Preprints
https://doi.org/10.5194/egusphere-2022-1229
https://doi.org/10.5194/egusphere-2022-1229
 
06 Dec 2022
06 Dec 2022

Multiscale meteorological controls and impact of soil moisture heterogeneity on radiation fog in complex terrain

Dongqi Lin1,2, Marwan Katurji2, Laura E. Revell1, Basit Khan3, and Andrew Sturman2 Dongqi Lin et al.
  • 1School of Physical and Chemical Sciences, University of Canterbury, Christchurch, New Zealand
  • 2School of Earth and Environment, University of Canterbury, Christchurch, New Zealand
  • 3Institute of Meteorology and Climate Research, Atmospheric Environmental Research (IMK-IFU), Karlsruhe Institute of Technology (KIT), 82467 Garmisch-Partenkirchen, Germany

Abstract. Coupled surface-atmosphere high-resolution simulations were carried out to understand radiation fog development and persistence in a city surrounded by complex terrain. The controls of mesoscale meteorology and microscale soil moisture heterogeneity on fog were investigated using case studies for the city of Christchurch, New Zealand. Numerical model simulations from the synoptic to micro- scale were carried out using the Weather Research and Forecasting (WRF) model and the Parallelised Large-Eddy Simulation Model (PALM). Heterogeneous soil moisture, land use, and topography were included. The spatial heterogeneity of soil moisture was derived using Landsat 8 (https://www.usgs.gov/landsat-missions/landsat-8, last access: 10 October 2022) satellite imagery and ground-based meteorological observations. Eight simulations were carried out under identical meteorological conditions. One contained homogeneous soil moisture and one contained heterogeneous soil moisture derived from Landsat 8 imagery. For the other six simulations, the soil moisture heterogeneity magnitudes were amplified following the observed spatial distribution to aid our understanding of the impact of soil moisture heterogeneity. Our results showed that soil moisture heterogeneity did not significantly change the general spatial structure of near-surface fog occurrence, even when amplified. However, compared to homogeneous soil moisture, spatial heterogeneity in soil moisture leads to significant changes in radiation fog duration. The resulting changes in fog duration can be more than 50 minutes, although such changes are not directly correlated with spatial variations in soil moisture. The simulations showed that the mesoscale (104 to 2 × 105 m) meteorology controls the location of fog occurrence, while soil moisture heterogeneity alters fog duration at the microscale (10−2 to 103 m). Our results highlight the importance of including soil moisture heterogeneity for accurate spatiotemporal fog forecasting.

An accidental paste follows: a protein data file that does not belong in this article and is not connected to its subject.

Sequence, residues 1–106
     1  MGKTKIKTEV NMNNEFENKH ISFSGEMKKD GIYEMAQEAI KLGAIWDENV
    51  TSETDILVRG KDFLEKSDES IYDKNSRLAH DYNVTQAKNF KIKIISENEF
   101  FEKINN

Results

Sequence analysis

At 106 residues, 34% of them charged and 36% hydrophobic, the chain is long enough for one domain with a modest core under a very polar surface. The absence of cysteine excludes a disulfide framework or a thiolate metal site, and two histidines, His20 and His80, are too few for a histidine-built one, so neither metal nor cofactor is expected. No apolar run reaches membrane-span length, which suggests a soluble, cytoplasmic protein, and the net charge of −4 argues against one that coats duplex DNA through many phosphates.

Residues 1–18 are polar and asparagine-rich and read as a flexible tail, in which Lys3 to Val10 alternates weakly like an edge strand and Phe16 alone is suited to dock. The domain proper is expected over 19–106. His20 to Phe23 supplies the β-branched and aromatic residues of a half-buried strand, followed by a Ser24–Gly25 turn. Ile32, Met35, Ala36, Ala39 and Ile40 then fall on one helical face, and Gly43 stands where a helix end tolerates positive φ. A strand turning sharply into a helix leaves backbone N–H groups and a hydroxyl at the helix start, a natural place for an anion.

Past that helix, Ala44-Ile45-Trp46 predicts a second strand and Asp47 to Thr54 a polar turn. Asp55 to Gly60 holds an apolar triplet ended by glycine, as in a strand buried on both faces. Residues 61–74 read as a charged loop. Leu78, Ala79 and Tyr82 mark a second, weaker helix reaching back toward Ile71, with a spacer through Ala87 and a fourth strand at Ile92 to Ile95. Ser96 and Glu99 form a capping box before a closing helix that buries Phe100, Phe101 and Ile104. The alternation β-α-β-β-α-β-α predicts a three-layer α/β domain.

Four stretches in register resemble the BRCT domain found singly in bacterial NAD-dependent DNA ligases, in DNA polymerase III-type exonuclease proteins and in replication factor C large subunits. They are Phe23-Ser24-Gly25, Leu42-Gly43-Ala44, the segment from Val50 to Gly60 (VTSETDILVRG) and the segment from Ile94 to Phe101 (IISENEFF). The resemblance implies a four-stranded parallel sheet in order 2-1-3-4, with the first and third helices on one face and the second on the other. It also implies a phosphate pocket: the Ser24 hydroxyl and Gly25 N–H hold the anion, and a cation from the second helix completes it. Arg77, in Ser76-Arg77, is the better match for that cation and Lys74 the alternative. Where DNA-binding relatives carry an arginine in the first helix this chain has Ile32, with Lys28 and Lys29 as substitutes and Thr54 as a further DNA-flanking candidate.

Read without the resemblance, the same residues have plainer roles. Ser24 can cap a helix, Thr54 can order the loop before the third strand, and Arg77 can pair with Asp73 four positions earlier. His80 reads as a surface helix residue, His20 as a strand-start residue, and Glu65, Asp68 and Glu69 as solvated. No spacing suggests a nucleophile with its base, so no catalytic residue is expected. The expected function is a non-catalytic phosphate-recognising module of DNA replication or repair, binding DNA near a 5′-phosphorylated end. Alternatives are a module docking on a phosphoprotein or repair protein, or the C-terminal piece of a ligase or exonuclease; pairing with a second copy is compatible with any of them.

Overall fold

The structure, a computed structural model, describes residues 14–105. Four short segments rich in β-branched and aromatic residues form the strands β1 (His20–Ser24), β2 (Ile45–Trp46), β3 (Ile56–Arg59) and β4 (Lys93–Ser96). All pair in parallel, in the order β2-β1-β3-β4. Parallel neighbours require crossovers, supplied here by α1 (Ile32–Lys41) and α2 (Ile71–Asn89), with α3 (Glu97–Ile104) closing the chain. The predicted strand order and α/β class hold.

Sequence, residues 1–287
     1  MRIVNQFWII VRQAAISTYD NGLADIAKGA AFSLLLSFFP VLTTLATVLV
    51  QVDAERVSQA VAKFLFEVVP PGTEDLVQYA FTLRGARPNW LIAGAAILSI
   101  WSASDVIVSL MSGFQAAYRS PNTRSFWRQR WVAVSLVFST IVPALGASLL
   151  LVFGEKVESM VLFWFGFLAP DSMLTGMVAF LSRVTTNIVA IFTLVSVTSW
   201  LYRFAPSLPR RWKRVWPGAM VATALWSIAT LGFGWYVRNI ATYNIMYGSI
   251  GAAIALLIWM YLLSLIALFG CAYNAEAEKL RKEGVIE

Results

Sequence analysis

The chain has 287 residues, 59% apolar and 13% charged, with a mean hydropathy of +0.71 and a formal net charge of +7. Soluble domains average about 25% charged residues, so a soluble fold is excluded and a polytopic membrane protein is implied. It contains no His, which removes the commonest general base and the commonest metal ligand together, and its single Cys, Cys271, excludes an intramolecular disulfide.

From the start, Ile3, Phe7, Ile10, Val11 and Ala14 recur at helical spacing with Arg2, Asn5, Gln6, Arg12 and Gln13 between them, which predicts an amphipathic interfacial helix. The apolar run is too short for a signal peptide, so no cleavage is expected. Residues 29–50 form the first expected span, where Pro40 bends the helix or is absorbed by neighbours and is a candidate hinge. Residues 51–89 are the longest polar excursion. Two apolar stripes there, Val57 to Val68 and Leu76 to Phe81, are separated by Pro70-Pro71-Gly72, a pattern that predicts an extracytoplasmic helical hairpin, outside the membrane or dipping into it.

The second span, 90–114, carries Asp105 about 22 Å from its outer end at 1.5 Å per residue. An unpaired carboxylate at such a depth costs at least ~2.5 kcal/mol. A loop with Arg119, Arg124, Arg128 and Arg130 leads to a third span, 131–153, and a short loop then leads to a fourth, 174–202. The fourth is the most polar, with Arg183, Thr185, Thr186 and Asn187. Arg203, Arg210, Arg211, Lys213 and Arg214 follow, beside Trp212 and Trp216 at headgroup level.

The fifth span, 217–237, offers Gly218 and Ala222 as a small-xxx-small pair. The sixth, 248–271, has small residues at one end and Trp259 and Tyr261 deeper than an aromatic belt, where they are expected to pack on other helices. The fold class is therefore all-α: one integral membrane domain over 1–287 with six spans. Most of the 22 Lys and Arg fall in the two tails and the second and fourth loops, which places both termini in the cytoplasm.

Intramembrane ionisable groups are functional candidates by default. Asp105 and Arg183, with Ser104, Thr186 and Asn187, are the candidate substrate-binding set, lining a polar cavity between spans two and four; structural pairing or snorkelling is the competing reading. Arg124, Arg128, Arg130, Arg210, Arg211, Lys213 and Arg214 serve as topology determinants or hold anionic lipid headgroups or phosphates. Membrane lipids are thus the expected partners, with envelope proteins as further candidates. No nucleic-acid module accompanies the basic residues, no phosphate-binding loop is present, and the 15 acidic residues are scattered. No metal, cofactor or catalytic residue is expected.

Dongqi Lin et al.

Status: final response (author comments only)

Comment types: AC – author | RC – referee | CC – community | EC – editor | CEC – chief editor | : Report abuse
  • RC1: 'Comment on egusphere-2022-1229', Stephanie Westerhuis, 10 Jan 2023
  • RC2: 'Comment on egusphere-2022-1229', Anonymous Referee #2, 01 Feb 2023
  • EC1: 'Comment from co-editor on egusphere-2022-1229', Heini Wernli, 03 Feb 2023

Dongqi Lin et al.

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Short summary
Accurate fog forecast is difficult in a complex environment. Spatial variations in soil moisture could have impact on fog. Here we carried out fog simulations with spatially different soil moisture in complex topography. The soil moisture was calculated using satellite observations. The results show that the spatial variations in soil moisture do not have significant impact on where fog occurred, but do impact how long fog lasted. This finding could improve fog forecast in the future.